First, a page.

Tuesday, September 2, 2014

Brown Paper Bag (Unpacking My Recent Hospital Stay)


I recently, unexpectedly, spent six days in a local Behavioral Health Unit due to the sudden onset of severe and debilitating panic attacks.  I'm so grateful to be home now and feeling better.  My time in the hospital now feels almost like it never happened, but I feel a need to integrate that experience as part of the truth of my life.  This poem is part of that attempt.  I hope if maybe you've had similar struggles it will somehow speak to your experience.


Brown Paper Bag

It’s not the barcoded wrist band that gets to you 
nor the constant roll-call and waiting in line for meds. 
No, it’s the brown paper bag that holds your belongings, 
the t-shirts and clean underwear your husband gathered from dresser 
drawers not his and packed into a small suitcase to be dropped off 
on his way to work early the next morning.

Without that suitcase you have only the pajamas you arrived in – 
Yoga pants and a three-dollar t-shirt from the clearance rack at Target.  
Even these, though, are better than the scrubs some patients wear, 
their clothes along with their freedom and, for a time at least, their sanity, 
inexplicably misplaced.  

The suitcase is vetted at the nurses’ station, 
belongings checked for that which is not allowed – 
sharps, strings, medications.  
Now you wonder, though you didn’t then, 
what they thought of the board books 
your husband packed.  You asked him for “something 
to help you remember” although now you cannot remember 
what.  The books, among them The Carrot Seed, were his first picks.  

Your journal and bible, your bra, socks and shirts, 
are piled together in two hefty brown grocery bags and brought to you 
in your room.  These you place on the floor in a large door-less wardrobe. 
You arrange your toiletries with care, the small toothpaste and white plastic toothbrush,
the hospital-issue baby shampoo and lotion, taking organizational cues 
from your roommate’s side of the room.  

When you leave, six days later, half of your things 
will go back into the black suitcase, returned to you 
from the safe place where it was kept. The other 
half you will carry out through the locked doors 
in a brown paper bag.  You will stop at the nurses’ station 
to have the wristbands cut off and their phantom presence 
will cause you to touch your arm again and again 
well into the following day, but it will be a week or more 
before you begin at last, to unpack that brown paper bag.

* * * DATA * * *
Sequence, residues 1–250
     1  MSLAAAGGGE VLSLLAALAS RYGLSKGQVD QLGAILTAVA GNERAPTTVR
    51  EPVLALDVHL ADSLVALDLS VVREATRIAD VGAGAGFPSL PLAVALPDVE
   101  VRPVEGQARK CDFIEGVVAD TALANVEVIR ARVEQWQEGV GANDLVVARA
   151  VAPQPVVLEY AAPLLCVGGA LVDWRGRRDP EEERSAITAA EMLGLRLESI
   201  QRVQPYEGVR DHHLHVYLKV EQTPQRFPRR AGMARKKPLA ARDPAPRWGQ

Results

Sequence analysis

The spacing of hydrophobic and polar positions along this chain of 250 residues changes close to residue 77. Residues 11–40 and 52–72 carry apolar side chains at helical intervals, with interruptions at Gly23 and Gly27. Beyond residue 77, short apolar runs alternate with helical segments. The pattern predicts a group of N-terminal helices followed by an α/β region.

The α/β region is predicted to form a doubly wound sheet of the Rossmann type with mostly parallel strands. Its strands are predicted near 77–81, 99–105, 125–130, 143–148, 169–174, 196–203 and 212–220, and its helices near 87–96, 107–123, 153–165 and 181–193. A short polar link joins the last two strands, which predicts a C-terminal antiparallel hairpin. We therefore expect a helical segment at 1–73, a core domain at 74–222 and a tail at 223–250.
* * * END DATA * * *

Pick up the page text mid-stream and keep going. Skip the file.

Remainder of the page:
Photo source HERE.

8 comments:

  1. I haven't experienced this, Kelly, but through your brave poetry here, I feel I have been offered a glimpse and an invitation into the emotion of it. You have a gift, because you left out words that describe much emotion and instead allowed us to feel it in the way you brought us along. I cannot say how valuable this is, what an honor it is. Thank you. Praying for you as you continue to process, integrate and speak the truth of this piece of your story.

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    1. Thanks so much for reading and commenting Amber. I feel like it's very important to me to remember the experience for a number of reasons. Writing is a way of remembering, of giving witness. Thanks for being a friend :)

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  2. You are right, Kelly, when you say that writing is a way of remembering, of giving witness. But too many wish only to remember certain parts of the story. Or to color it beautiful, when only time, and God himself, can do that sometimes. Your willingness to invite us into this space for you is a treasured gift. Holy Ground. I know you will treat it as such always. And I am blessed to be among those you have entrusted it to. That I, too, might be willing to unpack the "brown bag" places.

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    1. Thank you Beth, for chiming in. I'll admit to being afraid that no one wants to read about the darker sides of our stories, the taboo struggles. I know no other way to allow God to "color it beautiful" as you say, than to wait and write my way through it. Thank you for being here, friend.

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  3. You are fortunate to be able to articulate your experiences through language. I pray that you will continue to find ways to express yourself, process, and integrate.

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  4. Thank you so much for doing this, Kelly. It's important and you do it so very well.

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  5. Wow, Kelly. wow.......... I've walked through some very tough times (one of them was last Tuesday) and writing is the only thing that helped.

    thank you for sharing this. (And The Carrot Seed? Now what an appropriate title, planting and waiting and all that........).

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  6. Kelly,
    thank you for being brave and praying you will be gentle with yourself as you process what you went through...((hugs))

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